Incredible India Indeed!

Quite a two week whirlwind tour through India! I think having visited Bangladesh first, as well as reading Shantaram, my view of India may have been completely different had I landed straight in Kolkata from Hong Kong.

The difference between India and Bangladesh is staggering. To give you some background, Bangladesh and Pakistan were part of India prior to 1947. Bangladesh used to be a rather prosperous area – in fact, the British settled first in Bangladesh. The British weakened the country by damaging Bangladesh’s cotton trade, the best in the world at the time. Bangladesh suffered a series of severe famines under British rule, from which they’ve never recovered. Then the British government created a partition between West Bengal (a province in India) and East Bengal (now Bangladesh), by using their differences in religion against each other (Hindu versus Muslim, respectively). In 1947, East Bengal gained “independence” as East Pakistan. However, things were even worse under the Pakistan government, which was based in West Pakistan. After a bloody civil war, Bangladesh finally gained true independence.

West Bengal was mainly populated by Hindus, and had all the manufacturing and value added industries, whereas East Bengal (Bangladesh) was mainly agricultural. Though the people in both regions were ethnically the same, spoke the same language, and followed the same customs, they became divided. The difference in quality of life stepping into India is like night and day – it shows what Bangladesh could and should have.

So now that you’ve had a brief history lesson… Onto our journey.

We stayed three nights at Cherrapunji Holiday Resort, a modest, simple guesthouse frequently holidayed by Indian tourists from Guwahti and Shillong. Extremely remote, yet we had delicious Karsi (the minority group that inhabits that regioin) meals, and great service. The owner, an Indian married to a Karsi woman, really exemplifies responsible tourism by not just making and taking the money out of the region (a lot of investors do in the tourism industry), but putting it back into the local economy. There was a nightly show put on by the local youths, of music, song and dance. A bit surreal sitting there during dinner at this remote hillside guesthouse, and watching an”Indian Idol” show of sorts. (I’ll have to post up the video later!)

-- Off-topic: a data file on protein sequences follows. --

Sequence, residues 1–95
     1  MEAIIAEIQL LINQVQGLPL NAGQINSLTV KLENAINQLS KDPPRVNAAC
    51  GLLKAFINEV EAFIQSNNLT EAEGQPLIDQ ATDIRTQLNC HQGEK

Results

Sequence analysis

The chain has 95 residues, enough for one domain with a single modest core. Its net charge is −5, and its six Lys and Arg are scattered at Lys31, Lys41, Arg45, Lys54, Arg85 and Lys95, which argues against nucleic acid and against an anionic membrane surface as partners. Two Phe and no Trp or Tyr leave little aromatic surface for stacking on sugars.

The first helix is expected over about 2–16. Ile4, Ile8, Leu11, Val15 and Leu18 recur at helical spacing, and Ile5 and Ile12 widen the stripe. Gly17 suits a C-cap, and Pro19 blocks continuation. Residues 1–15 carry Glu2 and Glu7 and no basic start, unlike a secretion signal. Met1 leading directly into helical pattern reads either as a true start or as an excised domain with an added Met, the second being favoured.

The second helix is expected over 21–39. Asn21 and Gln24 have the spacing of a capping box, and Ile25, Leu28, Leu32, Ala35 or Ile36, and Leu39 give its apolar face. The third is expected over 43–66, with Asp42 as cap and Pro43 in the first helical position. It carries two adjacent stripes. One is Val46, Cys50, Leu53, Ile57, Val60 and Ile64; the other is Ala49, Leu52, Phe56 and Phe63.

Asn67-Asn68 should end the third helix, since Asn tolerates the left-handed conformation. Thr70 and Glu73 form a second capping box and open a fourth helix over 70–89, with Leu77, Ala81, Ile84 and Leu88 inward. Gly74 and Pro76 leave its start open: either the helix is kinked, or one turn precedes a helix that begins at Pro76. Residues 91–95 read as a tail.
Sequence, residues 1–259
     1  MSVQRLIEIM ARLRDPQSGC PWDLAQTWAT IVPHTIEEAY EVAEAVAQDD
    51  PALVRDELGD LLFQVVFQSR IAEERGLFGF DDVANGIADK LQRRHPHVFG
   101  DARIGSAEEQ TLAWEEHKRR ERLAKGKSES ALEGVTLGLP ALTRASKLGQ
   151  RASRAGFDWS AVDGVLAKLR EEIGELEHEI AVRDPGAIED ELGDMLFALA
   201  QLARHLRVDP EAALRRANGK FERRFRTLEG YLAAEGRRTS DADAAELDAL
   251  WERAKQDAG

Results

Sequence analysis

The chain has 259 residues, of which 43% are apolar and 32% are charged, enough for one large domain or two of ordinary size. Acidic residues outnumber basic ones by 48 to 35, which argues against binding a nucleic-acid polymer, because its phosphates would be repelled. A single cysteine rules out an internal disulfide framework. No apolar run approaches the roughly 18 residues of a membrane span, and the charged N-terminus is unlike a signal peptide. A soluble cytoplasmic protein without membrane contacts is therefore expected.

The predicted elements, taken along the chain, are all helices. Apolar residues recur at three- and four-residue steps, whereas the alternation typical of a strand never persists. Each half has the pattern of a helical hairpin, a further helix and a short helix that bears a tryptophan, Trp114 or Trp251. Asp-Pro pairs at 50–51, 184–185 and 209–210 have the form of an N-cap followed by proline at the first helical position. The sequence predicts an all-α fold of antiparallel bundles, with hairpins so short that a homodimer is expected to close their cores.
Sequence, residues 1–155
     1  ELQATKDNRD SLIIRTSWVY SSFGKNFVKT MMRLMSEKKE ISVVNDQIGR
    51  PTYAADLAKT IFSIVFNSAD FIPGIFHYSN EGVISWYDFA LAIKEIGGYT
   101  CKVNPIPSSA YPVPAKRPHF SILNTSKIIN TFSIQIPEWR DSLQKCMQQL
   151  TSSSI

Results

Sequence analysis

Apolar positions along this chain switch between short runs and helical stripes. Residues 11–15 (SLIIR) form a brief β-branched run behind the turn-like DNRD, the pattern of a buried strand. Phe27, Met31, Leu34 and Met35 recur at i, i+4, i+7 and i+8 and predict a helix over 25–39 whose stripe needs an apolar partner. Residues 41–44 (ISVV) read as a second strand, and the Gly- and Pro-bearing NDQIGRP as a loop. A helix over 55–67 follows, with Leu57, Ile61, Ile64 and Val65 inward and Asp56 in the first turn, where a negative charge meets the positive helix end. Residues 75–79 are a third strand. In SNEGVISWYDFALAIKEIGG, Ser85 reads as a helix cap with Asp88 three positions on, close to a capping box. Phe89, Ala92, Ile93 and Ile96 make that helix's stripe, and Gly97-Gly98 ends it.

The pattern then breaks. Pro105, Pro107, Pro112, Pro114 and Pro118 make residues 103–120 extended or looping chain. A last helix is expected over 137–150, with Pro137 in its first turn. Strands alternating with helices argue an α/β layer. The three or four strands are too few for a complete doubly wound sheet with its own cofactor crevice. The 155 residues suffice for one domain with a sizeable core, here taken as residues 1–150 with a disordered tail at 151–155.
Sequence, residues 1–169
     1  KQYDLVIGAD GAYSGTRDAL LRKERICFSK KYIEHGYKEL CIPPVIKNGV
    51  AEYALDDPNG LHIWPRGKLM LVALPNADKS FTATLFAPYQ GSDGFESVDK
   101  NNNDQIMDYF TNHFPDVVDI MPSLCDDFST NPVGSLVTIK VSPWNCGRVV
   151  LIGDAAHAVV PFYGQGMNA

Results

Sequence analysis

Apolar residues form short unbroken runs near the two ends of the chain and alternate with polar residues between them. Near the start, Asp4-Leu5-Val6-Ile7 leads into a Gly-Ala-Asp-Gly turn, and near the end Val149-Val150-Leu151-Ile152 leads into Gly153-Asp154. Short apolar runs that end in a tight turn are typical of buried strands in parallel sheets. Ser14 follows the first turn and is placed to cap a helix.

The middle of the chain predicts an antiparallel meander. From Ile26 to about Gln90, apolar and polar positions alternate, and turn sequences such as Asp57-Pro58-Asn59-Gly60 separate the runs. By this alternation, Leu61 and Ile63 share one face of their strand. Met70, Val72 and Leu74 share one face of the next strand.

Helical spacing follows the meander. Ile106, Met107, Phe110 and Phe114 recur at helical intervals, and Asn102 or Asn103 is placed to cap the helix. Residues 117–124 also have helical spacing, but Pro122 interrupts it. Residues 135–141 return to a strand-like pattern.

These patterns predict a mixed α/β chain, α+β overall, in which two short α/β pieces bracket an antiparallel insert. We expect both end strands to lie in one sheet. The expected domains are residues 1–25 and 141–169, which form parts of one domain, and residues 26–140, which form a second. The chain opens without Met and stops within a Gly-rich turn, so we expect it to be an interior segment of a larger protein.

Mike and I did some nice treks around the resort. Through local villages, where instead of being greeted by slack-jawed stares, we were greeted by smiling children yelling out “hello!” and waving to us from their almost Victorian style homes.

Another thing I should mention is that in the remotest hillside areas where various minority groups live, whether in India or Bangladesh, the missionaries were there! Back in the early 1900’s. Which is why the people in the hillsides speak excellent English, and are Christian. A bit unbelievable that they made it all that way, and set up this great infrastructure, mainly because I was always huffing and puffing to make it to these places.

Village walks

A good part of the morning was usually fog during the monsoon

Bangladesh on the plains below

We trekked to the only living root bridges in the world. Amazing structures, they were engineered by the Karsi people, by taking advantage of a special rubber tree that is able to grow on giant boulders. They would lay down a betel nut tree to span a chasm, and as the rubber tree nearby grew, they would wrap the roots around the betel nut tree to strengthen the bridge. A bridge would take about 25 years to create.

OK, I’m out of internet time right now, as I have to head to the airport to pick up Per, but will continue the India chronicles later!


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